SCAN is intended to focus predominately on tackling the problems climate change poses for local stakeholders, like infrastructure and education about the phenomenon. It also aims to organize “sustained partnerships” so that officials and other practitioners across the country can engage with one another and identify effective approaches to climate adaptation and mitigation. Assessing and improving those methods will also be a key component of the network’s efforts.

“Local governments and communities need help to use climate science to evaluate how mitigation and adaptation opportunities interact with their broader goals,” said Richard Moss, the report’s leader author and original committee member, in a statement. “This new approach will make it easier to develop science-based pathways to address climate threats to local economic growth, infrastructure, and public health.”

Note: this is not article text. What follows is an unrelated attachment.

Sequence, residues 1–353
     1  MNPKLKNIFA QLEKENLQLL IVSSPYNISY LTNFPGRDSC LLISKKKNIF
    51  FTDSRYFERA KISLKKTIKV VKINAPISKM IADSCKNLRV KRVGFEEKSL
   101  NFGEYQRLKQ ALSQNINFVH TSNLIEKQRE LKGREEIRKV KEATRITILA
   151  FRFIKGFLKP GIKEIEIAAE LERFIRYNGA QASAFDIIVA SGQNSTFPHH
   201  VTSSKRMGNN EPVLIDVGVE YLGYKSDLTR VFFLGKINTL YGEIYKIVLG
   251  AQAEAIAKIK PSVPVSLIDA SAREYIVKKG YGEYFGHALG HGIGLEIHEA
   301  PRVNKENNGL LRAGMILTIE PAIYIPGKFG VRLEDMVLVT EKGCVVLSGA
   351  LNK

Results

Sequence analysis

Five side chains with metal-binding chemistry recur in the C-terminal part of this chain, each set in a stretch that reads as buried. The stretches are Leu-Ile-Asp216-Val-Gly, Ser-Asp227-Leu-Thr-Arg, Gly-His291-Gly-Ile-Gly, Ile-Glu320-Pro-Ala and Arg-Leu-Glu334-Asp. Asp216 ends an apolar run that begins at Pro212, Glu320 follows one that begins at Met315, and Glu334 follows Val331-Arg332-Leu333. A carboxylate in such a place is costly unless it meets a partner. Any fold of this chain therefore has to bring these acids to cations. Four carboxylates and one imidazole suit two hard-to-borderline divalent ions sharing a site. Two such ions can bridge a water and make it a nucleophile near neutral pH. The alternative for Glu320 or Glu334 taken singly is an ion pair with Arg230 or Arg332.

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SCAN comes just as cities are losing a separate, valuable climate action effort. The Rockefeller Foundation abruptly announced on April 1 that the philanthropy would end its 100 Resilient Cities program without giving a reason. The program launched in 2013 in order to help cities proactively tackle climate change. All member cities received two years of funding to create local government positions aimed around resiliency, with the long-term intent of forming and executing individual climate action plans. The program has been wildly popular — but now it is set to formally end in July, leaving local governments concerned about support for their resiliency efforts.

The new resource announced Thursday will not necessarily mitigate the loss of the Rockefeller program. But experts, environmental groups, and other stakeholders have all expressed support for SCAN and indicated optimism about its potential as a resource for local governments.

“Numerous scientific assessments have affirmed that human-caused climate change is real and poses serious risks for humanity,” said Paul Higgins, director of the American Meteorological Society’s policy program, in a statement. Higgins said his organization is “ready to collaborate” with SCAN to “evaluate and then share rigorous and usable science, to the benefit of all.”